Sjögren’s Syndrome: Dry as a Desert

Jeannette Y. Wick, RPh, MBA, FASCP
Published Online: Tuesday, February 18, 2014

Therapy for Sjögren’s syndrome must be tailored to the individual patient.
In September 2011, tennis great Venus Williams gave an obscure condition a much-needed celebrity face when she announced she has Sjögren’s (SHUR-grens) syndrome (SjS). She joined approximately 4 million Americans who also have this relatively common but little-discussed autoimmune disease.

SjS attacks the exocrine (ie, moisture-producing) glands. SjS can attack any exocrine gland (eg, those in the nose, skin, lungs, and vagina), but it usually starts in 3 areas: the lacrimal glands, causing ophthalmic dryness (keratoconjunctivitis sicca); the salivary glands, causing xerostomia; and the parotid glands, causing pouch-like swelling along the jaw line.1-3

Approximately 90% of SjS sufferers are female. SjS can occur at any age but is more likely to develop after 40 years of age.1-3 SjS appears to have genetic contributors, but researchers postulate that genetics and environmental triggers (viral or bacterial infection that target gene expression) work together to cause it.4 Once SjS starts, T cells infiltrate the salivary and lacrimal glands, activating B cells. Antibody production follows, as does cytokine production, inflammation, and destruction.4 The B cells also generate SSA (anti-Ro) and SSB (anti-La), markers for SjS. Patients may have positive rheumatoid factor and an antinuclear antibody (ANA) titer of at least 1:320.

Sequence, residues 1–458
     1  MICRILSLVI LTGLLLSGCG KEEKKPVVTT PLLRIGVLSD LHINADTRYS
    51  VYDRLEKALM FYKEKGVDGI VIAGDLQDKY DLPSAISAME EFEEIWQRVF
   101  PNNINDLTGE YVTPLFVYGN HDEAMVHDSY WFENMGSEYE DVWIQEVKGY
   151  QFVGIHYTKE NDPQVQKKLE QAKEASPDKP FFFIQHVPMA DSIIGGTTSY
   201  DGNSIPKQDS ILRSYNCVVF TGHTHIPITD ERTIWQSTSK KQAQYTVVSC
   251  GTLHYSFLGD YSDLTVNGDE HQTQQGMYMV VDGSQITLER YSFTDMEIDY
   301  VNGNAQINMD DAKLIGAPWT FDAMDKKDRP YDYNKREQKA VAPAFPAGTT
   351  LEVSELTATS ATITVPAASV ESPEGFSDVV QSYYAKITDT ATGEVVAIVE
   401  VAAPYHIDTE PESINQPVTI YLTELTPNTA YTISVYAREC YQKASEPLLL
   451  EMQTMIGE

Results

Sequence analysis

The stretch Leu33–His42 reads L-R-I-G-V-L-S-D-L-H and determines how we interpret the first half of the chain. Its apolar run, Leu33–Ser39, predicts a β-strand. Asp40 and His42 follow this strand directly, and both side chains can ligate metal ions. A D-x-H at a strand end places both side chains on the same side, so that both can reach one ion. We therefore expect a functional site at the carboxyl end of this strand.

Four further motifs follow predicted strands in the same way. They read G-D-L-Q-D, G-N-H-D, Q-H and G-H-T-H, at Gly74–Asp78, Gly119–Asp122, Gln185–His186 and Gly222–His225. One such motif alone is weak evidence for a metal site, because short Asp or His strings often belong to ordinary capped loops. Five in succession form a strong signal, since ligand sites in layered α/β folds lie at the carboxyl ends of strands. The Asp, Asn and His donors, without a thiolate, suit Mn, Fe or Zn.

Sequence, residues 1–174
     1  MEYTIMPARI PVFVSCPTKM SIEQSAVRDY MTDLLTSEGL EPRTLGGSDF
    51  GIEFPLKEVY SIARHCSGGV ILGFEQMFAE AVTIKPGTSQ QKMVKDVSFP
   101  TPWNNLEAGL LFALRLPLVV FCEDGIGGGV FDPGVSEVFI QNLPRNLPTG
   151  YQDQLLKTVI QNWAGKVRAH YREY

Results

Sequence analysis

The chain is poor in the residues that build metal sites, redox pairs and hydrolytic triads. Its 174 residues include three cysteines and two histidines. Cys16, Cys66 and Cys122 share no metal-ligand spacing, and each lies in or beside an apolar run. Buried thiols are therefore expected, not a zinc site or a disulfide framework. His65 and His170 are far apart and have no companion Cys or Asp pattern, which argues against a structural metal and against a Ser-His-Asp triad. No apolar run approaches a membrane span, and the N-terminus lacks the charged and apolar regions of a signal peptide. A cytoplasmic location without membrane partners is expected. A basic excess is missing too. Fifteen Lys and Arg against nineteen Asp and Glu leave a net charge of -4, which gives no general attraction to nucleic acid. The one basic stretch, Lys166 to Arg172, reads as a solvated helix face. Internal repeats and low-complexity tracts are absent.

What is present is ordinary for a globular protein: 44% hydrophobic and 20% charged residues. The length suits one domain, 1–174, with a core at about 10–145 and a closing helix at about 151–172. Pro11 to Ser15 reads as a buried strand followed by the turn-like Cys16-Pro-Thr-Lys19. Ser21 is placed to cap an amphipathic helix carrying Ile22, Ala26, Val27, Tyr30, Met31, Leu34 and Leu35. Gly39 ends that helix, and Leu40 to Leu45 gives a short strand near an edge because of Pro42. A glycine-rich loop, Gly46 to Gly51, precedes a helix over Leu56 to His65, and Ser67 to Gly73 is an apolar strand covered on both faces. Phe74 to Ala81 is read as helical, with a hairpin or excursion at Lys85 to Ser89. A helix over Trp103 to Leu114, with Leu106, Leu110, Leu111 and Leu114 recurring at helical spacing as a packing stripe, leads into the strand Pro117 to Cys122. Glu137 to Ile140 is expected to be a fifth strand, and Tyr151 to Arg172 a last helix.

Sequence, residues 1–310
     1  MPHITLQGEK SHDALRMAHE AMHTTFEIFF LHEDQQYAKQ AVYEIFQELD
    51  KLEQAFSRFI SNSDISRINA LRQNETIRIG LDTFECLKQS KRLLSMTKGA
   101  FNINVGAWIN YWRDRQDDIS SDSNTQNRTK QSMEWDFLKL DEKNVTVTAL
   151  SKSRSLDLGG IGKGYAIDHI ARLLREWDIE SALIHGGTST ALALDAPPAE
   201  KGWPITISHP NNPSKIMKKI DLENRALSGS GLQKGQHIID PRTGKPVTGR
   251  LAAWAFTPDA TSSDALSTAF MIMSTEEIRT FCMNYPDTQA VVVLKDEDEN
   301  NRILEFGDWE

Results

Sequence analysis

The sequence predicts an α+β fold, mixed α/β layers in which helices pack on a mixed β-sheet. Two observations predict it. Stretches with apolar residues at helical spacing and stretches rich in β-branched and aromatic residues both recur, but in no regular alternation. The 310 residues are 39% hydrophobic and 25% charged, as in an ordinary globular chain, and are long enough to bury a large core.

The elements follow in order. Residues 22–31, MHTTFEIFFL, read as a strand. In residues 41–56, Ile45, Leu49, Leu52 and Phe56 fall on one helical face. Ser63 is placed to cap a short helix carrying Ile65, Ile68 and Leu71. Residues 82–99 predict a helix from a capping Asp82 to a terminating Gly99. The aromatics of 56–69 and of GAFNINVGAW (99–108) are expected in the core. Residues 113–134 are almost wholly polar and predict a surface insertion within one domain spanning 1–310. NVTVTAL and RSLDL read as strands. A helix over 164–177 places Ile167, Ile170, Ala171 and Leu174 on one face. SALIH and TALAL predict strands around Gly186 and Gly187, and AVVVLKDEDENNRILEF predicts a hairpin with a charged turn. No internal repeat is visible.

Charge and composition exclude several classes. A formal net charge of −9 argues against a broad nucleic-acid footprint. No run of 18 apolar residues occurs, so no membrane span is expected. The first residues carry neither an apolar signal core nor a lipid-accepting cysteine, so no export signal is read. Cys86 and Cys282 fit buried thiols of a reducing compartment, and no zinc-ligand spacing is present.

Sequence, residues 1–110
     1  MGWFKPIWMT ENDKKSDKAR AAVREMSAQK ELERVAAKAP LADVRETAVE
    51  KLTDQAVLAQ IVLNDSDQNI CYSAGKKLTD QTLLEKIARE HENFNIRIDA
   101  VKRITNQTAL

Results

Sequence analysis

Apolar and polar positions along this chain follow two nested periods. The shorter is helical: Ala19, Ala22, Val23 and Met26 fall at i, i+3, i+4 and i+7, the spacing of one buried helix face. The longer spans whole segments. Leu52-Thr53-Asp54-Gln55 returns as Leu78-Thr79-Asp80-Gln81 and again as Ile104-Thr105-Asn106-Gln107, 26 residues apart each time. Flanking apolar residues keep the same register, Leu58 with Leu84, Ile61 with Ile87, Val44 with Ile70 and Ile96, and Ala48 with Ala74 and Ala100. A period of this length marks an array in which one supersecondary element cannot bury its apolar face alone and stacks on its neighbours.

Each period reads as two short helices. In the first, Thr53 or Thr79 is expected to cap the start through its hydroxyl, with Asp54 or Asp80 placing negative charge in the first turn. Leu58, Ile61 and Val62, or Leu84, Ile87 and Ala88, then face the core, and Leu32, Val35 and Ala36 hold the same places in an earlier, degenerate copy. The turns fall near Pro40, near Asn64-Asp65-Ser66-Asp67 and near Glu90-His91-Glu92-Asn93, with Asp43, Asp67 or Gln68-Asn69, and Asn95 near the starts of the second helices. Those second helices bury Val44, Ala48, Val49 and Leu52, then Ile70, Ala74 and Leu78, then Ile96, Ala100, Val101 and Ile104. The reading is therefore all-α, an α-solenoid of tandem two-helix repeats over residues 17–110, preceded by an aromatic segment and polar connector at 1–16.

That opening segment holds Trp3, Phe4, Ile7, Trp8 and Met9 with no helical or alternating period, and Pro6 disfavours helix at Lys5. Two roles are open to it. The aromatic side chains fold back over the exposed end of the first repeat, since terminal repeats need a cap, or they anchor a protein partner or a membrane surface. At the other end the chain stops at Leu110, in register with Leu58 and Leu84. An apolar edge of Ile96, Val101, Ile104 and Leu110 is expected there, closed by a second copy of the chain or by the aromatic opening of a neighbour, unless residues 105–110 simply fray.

Clinical Presentation

SjS owes its low profile to ambiguous presentations. Symptoms that mimic other disease states and cross clinical specialties make diagnosis difficult. SjS’s symptoms occur over a continuum and vary considerably. Patients who have dry mouth, for example, may have dry, cracked tongues or difficulty talking, swallowing, or chewing dry food.5 Patients may report a sore or burning throat, altered taste or smell, dry cough, or hoarseness. Dental decay and oral candidiasis are also likely due to less saliva.5,6 Patients may have joint and muscle pain that is sometimes severe, migraines, severe sinusitis, or persistent and intrusive flu-like fatigue.7 Carpal tunnel syndrome is common among these patients. Table 1 describes symptoms that affect parts of the body other than the eyes and mouth, referred to generally as extra-glandular symptoms.

Because SjS mimics other conditions, it typically takes approximately 6 years from the first symptoms to confirm the diagnosis.5 Clinicians use patient history, physical examination, and laboratory work (anti-Ro: SSA or SSB) to diagnose SjS. The 2002 American-European Consensus Classification Criteria for Sjögren’s defines 6 criteria that signal SjS and guide diagnosis.1,2,8 About three-fourths of SjS patients have positive rheumatoid factors and/or a positive ANA.1,9

Patients with SjS have up to a 44-fold increased risk of developing lymphoma; between 2% and 10% of patients will develop lymphoma.10

Treatment